The Virgin Orbit space plane - named Cosmic Girl - reached an altitude of 35,000ft and deployed LauncherOne when it reached the launch zone above the Atlantic Ocean, just off the south coast of Ireland

The Virgin Orbit space plane – named Cosmic Girl – reached an altitude of 35,000ft and deployed LauncherOne when it reached the launch zone above the Atlantic Ocean, just off the south coast of Ireland 

Cosmic Girl left Newquay Airport at 22:02 GMT and flew out to the Atlantic. It then dropped a 70ft-long LauncherOne rocket

Cosmic Girl left Newquay Airport at 22:02 GMT and flew out to the Atlantic. It then dropped a 70ft-long LauncherOne rocket

Rather than the iconic vertical launches we’re accustomed to from NASA’s Kennedy Space Center in Florida, this one had been a horizontal launch because it involved a plane taking off and releasing a rocket mid-air. 

Earlier, spectators whooped and danced to Start Me Up by the Rolling Stones as the jet took off, with people climbing onto each other shoulders to witness a moment which had promised to deliver the birth of a home-grown space launch industry.

A further 75,000 people watched online via a live stream on Virgin Orbit’s YouTube channel.

In the past, satellites produced in the UK have needed to be sent to foreign spaceports to make their journey into space. 

The Soviet Union was the first nation to carry out a successful space launch, with Sputnik 1 in October 1957, before the United States, Japan, France, China, India, Israel and Iran all followed.

North Korea achieved the feat in 2012, along with South Korea earlier this year, so Britain is the 11th nation to carry out a space launch on its own soil — although the fact it failed makes it somewhat of a hollow claim.

Not only was the mission the first of its kind from Britain, it also came five decades after a UK-made rocket, Black Arrow, last reached space following its lift-off from Australia.

The launch followed months of delays, with Virgin Orbit citing technical and regulatory challenges in getting ready for take-off.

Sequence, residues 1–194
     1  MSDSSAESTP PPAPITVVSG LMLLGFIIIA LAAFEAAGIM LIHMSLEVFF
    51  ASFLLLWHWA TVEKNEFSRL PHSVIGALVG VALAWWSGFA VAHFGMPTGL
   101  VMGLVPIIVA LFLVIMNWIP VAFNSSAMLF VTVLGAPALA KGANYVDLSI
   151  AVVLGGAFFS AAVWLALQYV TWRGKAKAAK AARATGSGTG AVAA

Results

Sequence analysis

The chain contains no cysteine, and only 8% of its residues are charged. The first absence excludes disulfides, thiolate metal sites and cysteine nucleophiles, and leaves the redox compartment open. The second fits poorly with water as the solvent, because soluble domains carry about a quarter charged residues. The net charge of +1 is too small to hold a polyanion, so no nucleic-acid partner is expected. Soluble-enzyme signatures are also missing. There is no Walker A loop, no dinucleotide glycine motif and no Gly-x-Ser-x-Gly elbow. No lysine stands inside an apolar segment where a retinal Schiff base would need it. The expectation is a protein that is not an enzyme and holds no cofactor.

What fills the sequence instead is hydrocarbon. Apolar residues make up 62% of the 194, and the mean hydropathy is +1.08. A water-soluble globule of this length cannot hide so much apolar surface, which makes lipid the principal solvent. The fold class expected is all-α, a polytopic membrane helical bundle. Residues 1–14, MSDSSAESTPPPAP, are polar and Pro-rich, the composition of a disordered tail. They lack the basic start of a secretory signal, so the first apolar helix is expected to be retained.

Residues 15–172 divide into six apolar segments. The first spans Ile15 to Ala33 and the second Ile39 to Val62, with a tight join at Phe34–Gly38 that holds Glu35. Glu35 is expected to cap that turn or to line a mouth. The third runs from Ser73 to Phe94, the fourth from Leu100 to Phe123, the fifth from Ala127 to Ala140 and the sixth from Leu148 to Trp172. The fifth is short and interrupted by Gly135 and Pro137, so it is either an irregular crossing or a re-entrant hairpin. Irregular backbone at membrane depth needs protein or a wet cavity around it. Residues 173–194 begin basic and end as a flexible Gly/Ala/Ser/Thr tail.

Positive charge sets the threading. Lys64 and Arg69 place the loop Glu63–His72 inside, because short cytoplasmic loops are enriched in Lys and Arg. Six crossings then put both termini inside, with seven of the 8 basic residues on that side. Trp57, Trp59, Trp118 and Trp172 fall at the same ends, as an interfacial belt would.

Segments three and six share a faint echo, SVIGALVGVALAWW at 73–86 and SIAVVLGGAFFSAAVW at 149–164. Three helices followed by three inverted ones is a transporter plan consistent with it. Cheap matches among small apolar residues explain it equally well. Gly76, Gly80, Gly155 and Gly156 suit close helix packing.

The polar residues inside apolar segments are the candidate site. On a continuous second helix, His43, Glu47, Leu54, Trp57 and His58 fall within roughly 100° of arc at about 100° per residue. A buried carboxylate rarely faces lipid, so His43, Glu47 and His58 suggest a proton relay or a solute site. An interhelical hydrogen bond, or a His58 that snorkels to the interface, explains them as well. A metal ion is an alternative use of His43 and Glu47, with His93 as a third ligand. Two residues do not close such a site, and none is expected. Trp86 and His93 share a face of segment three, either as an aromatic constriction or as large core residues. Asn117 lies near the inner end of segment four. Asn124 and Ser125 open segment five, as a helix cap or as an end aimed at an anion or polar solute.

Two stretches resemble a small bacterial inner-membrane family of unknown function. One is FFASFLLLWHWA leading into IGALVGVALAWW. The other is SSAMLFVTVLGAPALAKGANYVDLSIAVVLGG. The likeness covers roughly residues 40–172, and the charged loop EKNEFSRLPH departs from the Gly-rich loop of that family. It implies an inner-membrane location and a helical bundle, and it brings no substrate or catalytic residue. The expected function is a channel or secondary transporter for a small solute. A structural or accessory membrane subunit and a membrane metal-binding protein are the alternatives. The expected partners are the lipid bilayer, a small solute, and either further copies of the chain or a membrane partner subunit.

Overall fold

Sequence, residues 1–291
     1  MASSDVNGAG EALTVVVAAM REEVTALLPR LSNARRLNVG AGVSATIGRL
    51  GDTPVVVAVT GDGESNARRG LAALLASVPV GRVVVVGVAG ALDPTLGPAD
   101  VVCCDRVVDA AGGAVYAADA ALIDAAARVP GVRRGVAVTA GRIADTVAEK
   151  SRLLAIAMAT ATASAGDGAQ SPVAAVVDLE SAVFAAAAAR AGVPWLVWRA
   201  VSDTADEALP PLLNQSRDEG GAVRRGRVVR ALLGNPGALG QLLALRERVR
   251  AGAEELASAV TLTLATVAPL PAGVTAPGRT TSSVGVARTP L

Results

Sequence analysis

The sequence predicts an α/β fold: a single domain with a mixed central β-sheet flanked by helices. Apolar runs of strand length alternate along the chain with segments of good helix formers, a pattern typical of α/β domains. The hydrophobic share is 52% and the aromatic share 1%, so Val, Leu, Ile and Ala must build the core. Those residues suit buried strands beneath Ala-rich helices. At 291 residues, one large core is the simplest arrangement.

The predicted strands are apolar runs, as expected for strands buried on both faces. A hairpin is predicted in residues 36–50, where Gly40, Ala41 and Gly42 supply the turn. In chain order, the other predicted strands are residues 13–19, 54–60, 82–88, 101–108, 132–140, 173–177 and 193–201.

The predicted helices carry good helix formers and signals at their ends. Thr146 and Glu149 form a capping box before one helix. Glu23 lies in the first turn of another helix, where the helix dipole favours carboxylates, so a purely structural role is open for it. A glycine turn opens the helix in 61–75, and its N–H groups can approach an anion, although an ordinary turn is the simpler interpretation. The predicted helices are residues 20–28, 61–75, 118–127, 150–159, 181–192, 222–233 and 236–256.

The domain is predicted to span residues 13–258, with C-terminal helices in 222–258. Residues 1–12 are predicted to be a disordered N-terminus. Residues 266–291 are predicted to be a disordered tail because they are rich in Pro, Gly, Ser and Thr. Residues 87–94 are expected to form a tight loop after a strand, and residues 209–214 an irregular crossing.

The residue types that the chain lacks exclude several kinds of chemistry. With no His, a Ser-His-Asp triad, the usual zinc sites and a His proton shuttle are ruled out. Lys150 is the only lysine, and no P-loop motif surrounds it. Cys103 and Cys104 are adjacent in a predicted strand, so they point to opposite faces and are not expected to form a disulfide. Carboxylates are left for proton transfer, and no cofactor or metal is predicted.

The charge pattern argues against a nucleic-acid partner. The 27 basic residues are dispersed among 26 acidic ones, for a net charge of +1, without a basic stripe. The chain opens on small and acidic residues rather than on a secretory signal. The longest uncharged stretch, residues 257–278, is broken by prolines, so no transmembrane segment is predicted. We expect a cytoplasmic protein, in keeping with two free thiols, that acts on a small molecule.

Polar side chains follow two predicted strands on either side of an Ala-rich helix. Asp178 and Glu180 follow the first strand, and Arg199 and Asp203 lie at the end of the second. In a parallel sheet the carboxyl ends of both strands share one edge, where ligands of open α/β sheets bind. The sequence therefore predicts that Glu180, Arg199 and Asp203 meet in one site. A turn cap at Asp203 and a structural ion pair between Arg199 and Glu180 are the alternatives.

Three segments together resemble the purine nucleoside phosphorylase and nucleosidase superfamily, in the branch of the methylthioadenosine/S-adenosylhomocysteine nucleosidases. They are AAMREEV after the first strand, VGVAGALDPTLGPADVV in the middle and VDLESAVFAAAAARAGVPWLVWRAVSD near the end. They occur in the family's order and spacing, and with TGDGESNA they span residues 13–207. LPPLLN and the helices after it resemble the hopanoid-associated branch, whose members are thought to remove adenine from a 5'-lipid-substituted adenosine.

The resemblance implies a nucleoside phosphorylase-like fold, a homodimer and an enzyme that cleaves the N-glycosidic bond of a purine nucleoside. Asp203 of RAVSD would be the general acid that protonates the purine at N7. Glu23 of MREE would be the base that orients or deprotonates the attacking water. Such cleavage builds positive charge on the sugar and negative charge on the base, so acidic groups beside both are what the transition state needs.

How the launch worked: Cornwall hosted he first ever orbital space launch on UK soil, despite it ultimately ending in failure. A former Virgin passenger plane took to the skies and then dropped a rocket that flew towards space (shown above), only to suffer an 'anomaly'

How the launch worked: Cornwall hosted he first ever orbital space launch on UK soil, despite it ultimately ending in failure. A former Virgin passenger plane took to the skies and then dropped a rocket that flew towards space (shown above), only to suffer an ‘anomaly’

Virgin Orbit's specially-adapted 747 jumbo jet with a rocket attached to its belly took off from Cornwall Spaceport at 22:02 GMT. A live stream of the mission was available to view via the company's YouTube channel (pictured)

Virgin Orbit’s specially-adapted 747 jumbo jet with a rocket attached to its belly took off from Cornwall Spaceport at 22:02 GMT. A live stream of the mission was available to view via the company’s YouTube channel (pictured)

There was huge excitement at Newquay Airport ahead of the first orbital space launch on British soil yesterday evening

There was huge excitement at Newquay Airport ahead of the first orbital space launch on British soil yesterday evening

Viewers attending the launch included Adrian Grint, a 46-year-old IT consultant from St Austell in Cornwall, who dressed as a green alien. He held a sign saying 'take me home'

Viewers attending the launch included Adrian Grint, a 46-year-old IT consultant from St Austell in Cornwall, who dressed as a green alien. He held a sign saying ‘take me home’

WHAT SATELLITES WERE SUPPOSED TO BE DELIVERED TO SPACE? 

Virgin Orbit was supposed to be sending two UK governments cubesats – measuring about 12 inches long, 8 inches wide and 4 inches deep – into space along with seven other payloads as part of a mission named Prometheus-2.

A number of the satellites were designed to carry out research and development, proving technologies for use on later operational spacecraft. 

The cereal box-sized Cubesat 1′ and ‘Cubesat 2’ spacecraft were supposed to test new equipment to image the Earth, as well as new types of radio.

The hope was that they would be able to monitor the transmission environment and one day be used to detect the communications of smugglers or illegal fishers at sea.

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Dan Hart, chief executive of Virgin Orbit, said: ‘We knew this was not going to be a piece of cake when we took up on the opportunity.

‘We worked very closely with the UK Space Agency, the Civil Aviation Authority and Spaceport Cornwall, as well as the international airspace community.

‘I think we have learned a lot doing that. I think, like any first, the first time you do it is difficult, the second time you already know and can anticipate.

‘The short answer is we are excited to be here, and we’re excited about the future and coming back as soon as later this year to launch again.’ 

Virgin Orbit was trying to deliver two UK governments cubesats – measuring about 12 inches long, 8 inches wide and 4 inches deep – into space along with seven other payloads as part of a mission named Prometheus-2.

Built by In-Space Missions Ltd, based in Hampshire, and designed with Airbus Defence and Space, Prometheus-2 is a collaboration between MoD and international partners, including the US National Reconnaissance Office (NRO).